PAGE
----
Why Royal Mail is the ul­ti­mate con­trar­ian play

We ex­plain the is­sues fac­ing the UK parcels and let­ters de­liv­ery group and why the stock is still at­trac­tive

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The strikes fac­ing par­cel de­liv­ery ser­vice Royal Mail (RMG) are just the lat­est in the se­ries of prob­lems drag­ging on the com­pany’s per­for­mance.

Ap­prox­i­mately 111,000 postal work­ers will go on strike be­tween 19 and 21 Oc­to­ber over pay and pen­sions. This is de­spite Royal Mail al­ready pay­ing staff above-in­dus­try rates and gen­er­ous pen­sion con­tri­bu­tions.

The prof­itabil­ity of the com­pany is highly sen­si­tive to small changes in wage in­fla­tion as­sump­tions. Con­cerns over com­pe­ti­tion and dwin­dling let­ter vol­umes have also weighed on the stock.

Shares in the postal ser­vice have taken a beat­ing this year, down 17% to 381p. That’s higher than the 330p price at which it joined the stock market in Oc­to­ber 2013 but well be­low the all-time high of 604.5p seen in Jan­uary 2014.

Many an­a­lysts are neg­a­tive on Royal Mail as an in­vest­ment – yet we be­lieve a large amount of bad news has al­ready been priced in and that now is a good time to buy while sen­ti­ment is so poor to­wards the busi­ness.

To its credit, the busi­ness con­tin­ues to be­come more ef­fi­cient and flex­i­ble and is rapidly in­creas­ing its po­si­tion over­seas.

Fur­ther­more, many ri­vals on the par­cel de­liv­ery side have de­vel­oped a poor rep­u­ta­tion for ser­vice, cre­at­ing an op­por­tu­nity for Royal Mail to win back lost cus­tomers.

HOW DAM­AG­ING WOULD A STRIKE BE?

RBC Cap­i­tal Mar­kets an­a­lyst Damian Brewer thinks the forth­com­ing strikes risk ma­te­rial dam­age to Royal Mail. He be­lieves com­peti­tors might take ad­van­tage of the strikes to steal market share ‘that might never re­turn’.

WHY ARE POSTIES STRIK­ING?

Royal Mail wants to re­place its de­fined ben­e­fit pen­sion scheme which pro­vides a guar­an­teed in­come in re­tire­ment with a dif­fer­ent scheme that gives em­ploy­ees a cash lump sum linked to the value of their con­tri­bu­tions.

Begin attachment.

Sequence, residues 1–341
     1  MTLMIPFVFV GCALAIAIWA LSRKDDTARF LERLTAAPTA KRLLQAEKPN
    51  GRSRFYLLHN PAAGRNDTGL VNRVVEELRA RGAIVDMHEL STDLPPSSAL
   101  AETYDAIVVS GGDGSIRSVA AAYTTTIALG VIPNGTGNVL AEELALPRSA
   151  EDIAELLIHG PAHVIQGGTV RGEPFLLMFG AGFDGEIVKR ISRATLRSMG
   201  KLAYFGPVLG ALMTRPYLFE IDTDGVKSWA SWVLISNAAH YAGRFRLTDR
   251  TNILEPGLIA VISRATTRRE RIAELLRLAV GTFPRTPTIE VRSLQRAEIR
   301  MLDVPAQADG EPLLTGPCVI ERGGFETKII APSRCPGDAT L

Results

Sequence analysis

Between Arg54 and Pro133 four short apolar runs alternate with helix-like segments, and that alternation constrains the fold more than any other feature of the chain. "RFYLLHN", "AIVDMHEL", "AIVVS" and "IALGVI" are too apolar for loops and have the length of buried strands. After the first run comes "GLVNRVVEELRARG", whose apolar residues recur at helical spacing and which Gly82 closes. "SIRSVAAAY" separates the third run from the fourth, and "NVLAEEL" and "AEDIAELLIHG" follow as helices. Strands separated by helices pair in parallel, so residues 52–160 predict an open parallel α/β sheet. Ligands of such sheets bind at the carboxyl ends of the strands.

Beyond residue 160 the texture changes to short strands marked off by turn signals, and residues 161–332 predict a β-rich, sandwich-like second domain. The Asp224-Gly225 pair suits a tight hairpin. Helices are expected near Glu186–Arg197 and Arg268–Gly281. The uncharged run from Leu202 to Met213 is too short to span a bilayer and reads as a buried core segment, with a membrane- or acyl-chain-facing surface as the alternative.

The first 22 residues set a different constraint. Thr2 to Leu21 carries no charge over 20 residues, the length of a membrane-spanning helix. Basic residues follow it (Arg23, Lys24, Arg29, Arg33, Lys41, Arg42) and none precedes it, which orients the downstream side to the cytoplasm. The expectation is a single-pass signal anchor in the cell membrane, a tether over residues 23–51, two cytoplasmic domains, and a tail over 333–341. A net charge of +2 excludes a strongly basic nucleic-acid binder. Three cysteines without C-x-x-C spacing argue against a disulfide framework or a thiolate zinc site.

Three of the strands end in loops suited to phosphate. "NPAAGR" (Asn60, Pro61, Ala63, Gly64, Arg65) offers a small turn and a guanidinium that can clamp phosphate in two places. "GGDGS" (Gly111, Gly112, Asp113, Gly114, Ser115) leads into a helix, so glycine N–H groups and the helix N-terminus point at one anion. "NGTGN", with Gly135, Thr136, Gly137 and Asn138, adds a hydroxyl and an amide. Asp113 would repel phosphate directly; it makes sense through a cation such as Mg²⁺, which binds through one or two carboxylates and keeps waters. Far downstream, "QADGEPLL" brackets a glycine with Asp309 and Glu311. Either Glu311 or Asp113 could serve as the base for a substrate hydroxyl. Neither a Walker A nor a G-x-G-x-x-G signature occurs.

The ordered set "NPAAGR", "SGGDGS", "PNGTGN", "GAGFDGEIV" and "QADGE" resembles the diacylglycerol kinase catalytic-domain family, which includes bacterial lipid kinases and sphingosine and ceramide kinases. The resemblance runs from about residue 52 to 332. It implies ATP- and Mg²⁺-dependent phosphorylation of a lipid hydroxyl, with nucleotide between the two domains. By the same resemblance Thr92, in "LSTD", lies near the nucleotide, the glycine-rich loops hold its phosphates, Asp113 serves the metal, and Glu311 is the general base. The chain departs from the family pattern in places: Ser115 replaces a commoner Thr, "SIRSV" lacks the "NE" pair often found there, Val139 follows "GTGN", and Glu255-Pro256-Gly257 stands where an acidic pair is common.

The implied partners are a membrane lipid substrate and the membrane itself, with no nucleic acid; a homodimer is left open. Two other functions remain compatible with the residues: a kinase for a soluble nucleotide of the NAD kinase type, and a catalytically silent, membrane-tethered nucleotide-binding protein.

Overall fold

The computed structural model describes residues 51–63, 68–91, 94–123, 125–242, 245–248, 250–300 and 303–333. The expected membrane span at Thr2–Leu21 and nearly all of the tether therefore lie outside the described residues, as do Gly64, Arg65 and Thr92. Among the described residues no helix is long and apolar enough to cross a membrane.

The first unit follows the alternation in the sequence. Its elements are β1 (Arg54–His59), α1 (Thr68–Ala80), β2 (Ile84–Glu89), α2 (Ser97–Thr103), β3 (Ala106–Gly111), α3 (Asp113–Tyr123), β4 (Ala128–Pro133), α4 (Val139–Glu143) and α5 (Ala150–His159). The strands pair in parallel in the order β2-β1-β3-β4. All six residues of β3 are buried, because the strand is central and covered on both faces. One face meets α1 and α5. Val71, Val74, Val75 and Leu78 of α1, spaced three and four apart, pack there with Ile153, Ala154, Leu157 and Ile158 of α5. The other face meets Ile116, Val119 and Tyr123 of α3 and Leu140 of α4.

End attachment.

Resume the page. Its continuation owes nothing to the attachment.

Work­ers are also un­happy with pay, which Royal Mail hopes to ad­dress through a

SHARES HAVE BEEN WEAK BUT ARE STILL TRAD­ING ABOVE THEIR IPO PRICE

5% in­crease over two years that is par­tially de­pen­dent on much-needed pro­duc­tiv­ity im­prove­ments.

Out­side these is­sues, the com­pany is strug­gling with ‘busi­ness un­cer­tainty’ in the UK and de­clin­ing let­ter vol­umes as elec­tronic com­mu­ni­ca­tion such as emails and texts con­tinue to re­place ‘snail mail’.

UBS an­a­lyst Do­minic Edridge is pes­simistic that Royal Mail can con­tinue to grow due to its lack of mod­erni­sa­tion. An ex­am­ple of which is the high pric­ing for heav­ier parcels as they have to be man­u­ally sorted.

WHERE IS ROYAL MAIL IN­VEST­ING MONEY?

The com­pany is work­ing on di­ver­si­fy­ing its busi­ness by fo­cus­ing on e-com­merce, in­vest­ing in tech­nol­ogy and ex­pand­ing its over­seas di­vi­sion, GLS.

Rev­enue from GLS in­creased 18% in the three months to 25 June, with sales growth de­liv­ered in all main mar­kets. This is promis­ing al­though GLS only ac­counted for circa one fifth of group rev­enue and profit in the last fi­nan­cial year.

Un­der its over­seas ex­pan­sion plan, Royal Mail ac­quired Golden State Overnight in the US last year, which is cur­rently per­form­ing in line with ex­pec­ta­tions.

In April, Royal Mail made fur­ther progress with its strat­egy through the ac­qui­si­tion of US overnight par­cel de­liv­ery firm Postal Ex­press for $13.3m.

WHY SHOULD IN­VESTORS STICK WITH ROYAL MAIL?

The stock was a big hit when it floated four years ago as it was priced on a low rat­ing and paid a gen­er­ous div­i­dend.

Cur­rent fore­casts im­ply a prospec­tive yield in the re­gion of 6.3% and the po­ten­tial for a bit more div­i­dend ev­ery year.

In May, the div­i­dend was lifted 4% to 23p per share and In­vestec an­a­lyst Alex Pater­son thinks the div­i­dend per share will con­tinue to rise, fore­cast­ing 24p in the year to 31 March 2018, in­creas­ing to 25p and 26p in 2019 and 2020 re­spec­tively.

De­spite the trou­bles cloud­ing Royal Mail’s out­look, he re­mains ‘op­ti­mistic that sig­nif­i­cant ef­fi­cien­cies can be achieved over time’ but con­cedes that this may take longer than ex­pected.

Pater­son also flags that trad­ing in the three months to 25 June was bet­ter than fore­cast; par­tially driven by a strong per­for­mance over­seas.

Liberum an­a­lyst Ger­ald Khoo fore­casts EBITA (earn­ings be­fore in­ter­est, tax and amor­ti­sa­tion) will grow in the GLS over­seas di­vi­sion from £164m to £188m in the year to 31 March 2018.

The group as a whole cur­rently trades on 9.3 times fore­cast earn­ings per share for the cur­rent fi­nan­cial year. That is far too cheap in our opin­ion for a com­pany with such a strong market po­si­tion. Yes, it de­serves a dis­count for labour is­sues and com­pet­i­tive threats – but not to such a dra­matic level.

It is easy for in­vestors and an­a­lysts to over­look Royal Mail’s qual­i­ties given the head­winds it faces. How­ever, we be­lieve its prob­lems can be fixed and in­vestors are be­ing re­warded for their loy­alty with a gen­er­ous yield. (LMJ)

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